Cindy Sherman’s works are not self-portraits. Despite the fact that all her images feature one model, one photographer, and one make-up artist—all of whom are the artist herself—Sherman’s work constantly denies us access to the “real” Cindy Sherman. According to Gabriel Ritter, the DMA’s Nancy and Tim Hanley Assistant Curator of Contemporary Art, “for the most part, Sherman’s works are not introspective images that yield insight into the artist’s psyche. Instead, they are carefully constructed portraits that foreground the plasticity of identity and photography itself.”
Cindy Sherman is the artist who hides in plain sight.
Following is an excerpt from “Cindy Sherman” by Andy Grundberg in Art in America, July 18, 2012:
Of course, Sherman is in her photographs, literally, or at least in the vast majority of them, but the theme of her work is often said to be one of absence: what we see is not Sherman but a repertoire of roles, each reflecting a culturally determined possibility of female identity. This is essentially what has made her a poster child for a coterie of postmodernism’s theory-driven critics.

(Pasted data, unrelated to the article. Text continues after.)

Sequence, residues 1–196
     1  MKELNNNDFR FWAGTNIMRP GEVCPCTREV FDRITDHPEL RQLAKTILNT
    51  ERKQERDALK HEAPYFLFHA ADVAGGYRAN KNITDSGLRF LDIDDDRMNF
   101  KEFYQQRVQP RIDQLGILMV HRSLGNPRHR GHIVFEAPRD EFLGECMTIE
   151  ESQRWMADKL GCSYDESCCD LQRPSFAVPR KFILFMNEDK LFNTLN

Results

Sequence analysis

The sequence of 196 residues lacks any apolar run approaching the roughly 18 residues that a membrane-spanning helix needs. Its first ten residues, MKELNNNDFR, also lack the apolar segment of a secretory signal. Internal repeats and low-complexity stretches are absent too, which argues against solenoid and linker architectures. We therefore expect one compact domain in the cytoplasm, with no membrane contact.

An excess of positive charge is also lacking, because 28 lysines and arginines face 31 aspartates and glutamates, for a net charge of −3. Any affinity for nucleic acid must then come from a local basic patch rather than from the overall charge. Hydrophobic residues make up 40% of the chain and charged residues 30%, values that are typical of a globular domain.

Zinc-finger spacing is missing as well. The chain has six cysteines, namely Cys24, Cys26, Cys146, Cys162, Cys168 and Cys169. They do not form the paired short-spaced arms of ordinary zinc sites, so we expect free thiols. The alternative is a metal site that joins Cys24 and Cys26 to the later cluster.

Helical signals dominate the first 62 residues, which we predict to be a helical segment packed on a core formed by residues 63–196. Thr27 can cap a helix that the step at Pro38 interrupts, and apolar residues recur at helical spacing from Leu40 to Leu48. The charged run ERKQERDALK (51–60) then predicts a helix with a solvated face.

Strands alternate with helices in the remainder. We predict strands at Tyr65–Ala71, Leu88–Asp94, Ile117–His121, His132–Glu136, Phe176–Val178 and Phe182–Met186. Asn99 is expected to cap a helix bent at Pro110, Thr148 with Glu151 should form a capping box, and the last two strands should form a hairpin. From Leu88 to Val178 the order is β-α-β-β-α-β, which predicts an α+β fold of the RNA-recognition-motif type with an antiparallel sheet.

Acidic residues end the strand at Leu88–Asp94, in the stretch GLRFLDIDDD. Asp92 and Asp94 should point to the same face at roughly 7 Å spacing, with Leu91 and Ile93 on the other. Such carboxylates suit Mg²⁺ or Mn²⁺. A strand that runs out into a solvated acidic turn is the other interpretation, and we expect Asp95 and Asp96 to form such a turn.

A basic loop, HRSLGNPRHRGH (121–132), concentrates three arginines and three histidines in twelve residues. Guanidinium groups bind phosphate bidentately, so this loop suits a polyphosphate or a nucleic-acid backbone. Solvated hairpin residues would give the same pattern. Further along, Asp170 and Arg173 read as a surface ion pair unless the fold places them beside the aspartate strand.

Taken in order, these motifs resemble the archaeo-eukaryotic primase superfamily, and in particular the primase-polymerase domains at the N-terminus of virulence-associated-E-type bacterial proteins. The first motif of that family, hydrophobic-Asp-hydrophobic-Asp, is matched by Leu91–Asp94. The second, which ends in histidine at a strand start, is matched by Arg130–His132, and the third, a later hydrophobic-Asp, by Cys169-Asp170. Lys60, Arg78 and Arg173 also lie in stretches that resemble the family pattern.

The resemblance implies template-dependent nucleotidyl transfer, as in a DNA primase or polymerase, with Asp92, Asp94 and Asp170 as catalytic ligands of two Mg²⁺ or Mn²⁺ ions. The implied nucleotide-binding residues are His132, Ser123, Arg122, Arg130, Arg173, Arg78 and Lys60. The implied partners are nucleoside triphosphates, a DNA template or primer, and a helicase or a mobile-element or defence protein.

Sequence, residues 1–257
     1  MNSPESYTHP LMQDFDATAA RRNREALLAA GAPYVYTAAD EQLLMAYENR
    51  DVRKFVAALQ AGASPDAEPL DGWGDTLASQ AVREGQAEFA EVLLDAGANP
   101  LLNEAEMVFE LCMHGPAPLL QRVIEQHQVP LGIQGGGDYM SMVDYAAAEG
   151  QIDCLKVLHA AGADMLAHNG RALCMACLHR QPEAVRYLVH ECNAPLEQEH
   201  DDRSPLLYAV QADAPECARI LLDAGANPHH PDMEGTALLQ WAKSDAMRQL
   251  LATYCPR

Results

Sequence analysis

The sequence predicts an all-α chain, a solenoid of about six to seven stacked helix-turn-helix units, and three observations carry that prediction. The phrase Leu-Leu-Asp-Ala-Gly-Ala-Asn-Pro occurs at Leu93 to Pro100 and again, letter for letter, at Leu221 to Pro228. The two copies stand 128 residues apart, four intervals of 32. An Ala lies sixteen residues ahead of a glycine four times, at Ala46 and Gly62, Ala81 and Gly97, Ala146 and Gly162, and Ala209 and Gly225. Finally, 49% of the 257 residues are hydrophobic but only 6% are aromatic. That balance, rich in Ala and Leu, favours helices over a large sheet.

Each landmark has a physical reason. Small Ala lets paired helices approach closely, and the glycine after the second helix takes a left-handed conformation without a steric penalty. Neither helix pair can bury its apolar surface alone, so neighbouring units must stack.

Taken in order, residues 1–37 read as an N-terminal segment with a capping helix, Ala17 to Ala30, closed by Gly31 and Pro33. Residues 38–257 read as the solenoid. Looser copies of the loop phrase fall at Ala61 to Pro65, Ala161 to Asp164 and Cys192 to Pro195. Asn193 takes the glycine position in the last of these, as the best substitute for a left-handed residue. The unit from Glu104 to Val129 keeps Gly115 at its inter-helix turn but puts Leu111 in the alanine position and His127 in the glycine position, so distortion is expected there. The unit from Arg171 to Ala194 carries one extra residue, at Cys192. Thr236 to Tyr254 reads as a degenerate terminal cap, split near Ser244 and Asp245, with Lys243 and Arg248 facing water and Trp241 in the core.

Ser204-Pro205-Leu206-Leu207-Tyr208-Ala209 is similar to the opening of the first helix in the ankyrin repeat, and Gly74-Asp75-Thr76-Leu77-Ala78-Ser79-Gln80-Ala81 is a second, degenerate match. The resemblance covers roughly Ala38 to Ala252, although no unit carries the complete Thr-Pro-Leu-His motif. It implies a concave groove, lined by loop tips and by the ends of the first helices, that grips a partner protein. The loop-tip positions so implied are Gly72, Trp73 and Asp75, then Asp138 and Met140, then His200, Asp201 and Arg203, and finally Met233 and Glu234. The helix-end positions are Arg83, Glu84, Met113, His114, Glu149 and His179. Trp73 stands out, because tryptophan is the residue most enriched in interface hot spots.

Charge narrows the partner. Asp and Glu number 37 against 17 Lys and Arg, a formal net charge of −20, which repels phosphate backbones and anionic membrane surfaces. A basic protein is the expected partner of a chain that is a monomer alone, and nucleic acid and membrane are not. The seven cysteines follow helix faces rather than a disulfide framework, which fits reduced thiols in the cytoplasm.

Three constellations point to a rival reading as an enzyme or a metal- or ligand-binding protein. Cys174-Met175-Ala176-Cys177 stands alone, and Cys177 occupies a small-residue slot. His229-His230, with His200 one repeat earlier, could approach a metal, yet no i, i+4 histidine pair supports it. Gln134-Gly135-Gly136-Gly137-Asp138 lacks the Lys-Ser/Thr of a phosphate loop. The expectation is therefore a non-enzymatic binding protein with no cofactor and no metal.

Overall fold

Yet the emptying out of Sherman as an individual within her work strikes me as misguided and, given the development charted in this emotionally powerful exhibition, just plain wrong…. It has long been apparent…that Sherman’s impetus in making new pictures stems in large part from her reaction to the critical reception of the last batch, her urge to avoid being typecast both as an artist and as a woman.
The acclaimed nationally touring exhibition closes this weekend at the DMA. See the many guises of Cindy Sherman through Sunday, June 9. Below are a few images from the exhibition, from installation through today.
Jeffrey Grove is the Senior Curator of Special Projects and Research at the DMA.